Introductory Neurobiology Final Exam Review
Introductory Neurobiology Final Exam Review Biol 3640
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This 4 page Study Guide was uploaded by lucy allen on Thursday March 10, 2016. The Study Guide belongs to Biol 3640 at University of Denver taught by Dr. John C Kinnamon in Fall 2016. Since its upload, it has received 27 views. For similar materials see Introductory Neurobiology in Biology at University of Denver.
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Date Created: 03/10/16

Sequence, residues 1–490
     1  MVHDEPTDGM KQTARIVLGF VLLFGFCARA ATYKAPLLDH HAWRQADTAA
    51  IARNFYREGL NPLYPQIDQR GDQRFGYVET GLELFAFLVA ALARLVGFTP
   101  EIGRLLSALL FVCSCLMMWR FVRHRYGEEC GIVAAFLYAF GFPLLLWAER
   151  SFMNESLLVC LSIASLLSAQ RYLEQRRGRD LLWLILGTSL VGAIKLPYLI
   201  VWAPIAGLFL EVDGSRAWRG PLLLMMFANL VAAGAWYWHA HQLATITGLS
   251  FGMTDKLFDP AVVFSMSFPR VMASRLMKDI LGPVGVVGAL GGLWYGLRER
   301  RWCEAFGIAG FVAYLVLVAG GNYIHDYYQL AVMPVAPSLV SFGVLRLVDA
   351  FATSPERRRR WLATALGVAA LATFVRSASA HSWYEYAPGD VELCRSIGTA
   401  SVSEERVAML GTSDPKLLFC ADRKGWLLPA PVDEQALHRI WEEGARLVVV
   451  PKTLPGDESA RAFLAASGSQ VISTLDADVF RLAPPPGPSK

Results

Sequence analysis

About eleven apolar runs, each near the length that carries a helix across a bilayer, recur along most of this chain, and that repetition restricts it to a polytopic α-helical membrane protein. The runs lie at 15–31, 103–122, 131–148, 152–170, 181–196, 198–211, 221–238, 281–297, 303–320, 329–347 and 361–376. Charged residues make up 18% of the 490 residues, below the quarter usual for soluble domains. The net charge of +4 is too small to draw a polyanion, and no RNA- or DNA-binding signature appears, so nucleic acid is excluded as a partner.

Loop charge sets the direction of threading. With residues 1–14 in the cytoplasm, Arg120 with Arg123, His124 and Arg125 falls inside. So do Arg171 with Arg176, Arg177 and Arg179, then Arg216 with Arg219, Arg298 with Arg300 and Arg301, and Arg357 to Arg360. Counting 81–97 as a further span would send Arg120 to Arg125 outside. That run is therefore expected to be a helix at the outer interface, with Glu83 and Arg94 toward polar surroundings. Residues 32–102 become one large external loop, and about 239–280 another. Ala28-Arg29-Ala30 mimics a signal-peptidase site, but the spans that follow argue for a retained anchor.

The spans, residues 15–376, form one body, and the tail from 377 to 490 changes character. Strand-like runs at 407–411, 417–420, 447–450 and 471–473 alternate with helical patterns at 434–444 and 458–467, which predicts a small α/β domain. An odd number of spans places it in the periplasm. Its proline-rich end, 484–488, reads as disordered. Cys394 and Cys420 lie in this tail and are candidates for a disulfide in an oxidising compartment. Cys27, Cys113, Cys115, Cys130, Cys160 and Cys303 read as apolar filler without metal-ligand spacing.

-electrical tuning -start in resting state with some calcium open -calcium influx causes opening -further depolarization, internal calcium rises -as this happens there are calcium activated K channels which open -potassium leaves the cell, hyperpolarizing -as this occurs, the calcium channels close and the internal calcium decreases (pumped out) causing calcium activated channels to close -how far the calcium activated potassium channels and calcium channels determines whether it is a high or low frequency cell -close together = high frequency -lower distance = lower frequency in the cell -impedance matching in the middle ear -want to transfer E from air into energy of pressure onto the stapes -pushing onto the oval window of the cochlea -amplification occurs because the eardrum is larger than the oval window -same amount of vibration on eardrum is focused onto smaller oval window -mechanical advantage in the ossicles -malleus longer than the incus, causing amplification as well -on/off signaling in application to inhibitory signals -off-center in the dark -photoreceptor is depolarized, releasing glutamate -glutamate stimulates horizontal cells which release Gaba onto photoreceptor cells in the light, hyperpolarizing them further -hyperpolarizes these cells to enhance the difference between the response in the dark/light -photoreceptor in the dark is depolarizes the off-center ganglion cell and hyperpolarizes the on-center ganglion cell -bipolar cell releases less NT so there is less stimulation of the on- center ganglion cell -off-center cell is depolarized, releases more NT onto the off-center ganglion cell -all helps to accentuate the difference between light and dark -range fractionation -example 1: visual system -whole spectrum of colors, but many photoreceptors respond to stimuli -tuned to specific parts of the spectrum -example 2: muscular system -receptors in joints do not respond to whole spectrum of possible joint angles, some are tuned in a range of degrees -type II taste cells -ultrastructurally tend to be 'fatter' and have 'browner' nuclei than type I or type III taste cells -also known as the receptor cell -type III also known as the presynaptic cell -three flavors of type II cells -bitter -sweet -umami -G-protein coupled pathway using TRPM5 -when cells are depolarized, they release ATP as a neurotransmitter, which is released in a non-vesicular way -no SNARE proteins or synaptic vesicles -large atypical mitochondria "oozing" out ATP -once depolarized, calhm1 channels stimulate the P2X receptors on the nerve fibers -or on the type III cells -suspected that the ATP released can also activate the type III cell -type II cell releases ATP, stimulates type III, release serotonin and GABA, which inhibit type II cell (NEGATIVE INHIBITION) -but type III cells respond to sour -outer vs. inner hair cells -inner hair cells -receptor cells, where sensory transduction occurs -send afferent information to the brain -stereocilia arranged in rows -outer hair cells -cochlear amplifier: amplification of effect of movement of basilar membrane -important to sound perception -treatment of outer hair cells with drugs, can no longer lengthen or shorten, response is incredibly inhibited -change shape -have molecular motors, can get longer or shorter depending on depolarization/hyperpolarization -receive efferent signals from the brain telling them what to do -stereocilia are arranged in a chevron shape -when they get longer they push on the tectorial membrane, moving it farther -when they contract they pull on it and contract it -amplify the movement and stimulation of inner hair cells -population coding (controversy between labeled line coding and population coding) -labeled line coding -there are sweet vest fibers which receive input only from these type of cells -bitter fibers -umami fibers -all travel in separate nerves into the medulla where processing takes place -in the sensory cortex, there are 'labeled lines' for each flavor -population coding -comes from electrophysiological results where they recorded from nerves which are carrying information from sweet vest fibers, bitter fibers and sour fibers -a single nerve fiber carries more than one type of information -it is thought that high up in the sensory cortex (where advanced processing of gustatory stimuli takes place) activity in the nerve fibers is compared and there is a decision made about the taste sensed -combinatorial receptor codes for odors -one odorant has multiple "keys" -each key activates a different receptor -the combination of receptors stimulated results in a certain odor sensed by the brain -two point discrimination -only used in touch -lateral inhibition -vision -smell -stimulation by one specific odor suppresses activity of closely related odors -differences between vertical and horizontal pathways in vision -vertical pathway -straight shot from photoreceptor to bipolar cell to ganglion cell then to the brain -horizontal pathway -A -mediated by horizontal cells -can connect adjacent photoreceptors and bipolar cells -B -mediated by amacrine cells -can connect ganglion cells and bipolar cells -both used for lateral inhibition -horizontal cells, when stimulated, release Gaba -adaptation -auditory system's way of keeping the receptors in the middle of their dynamic range
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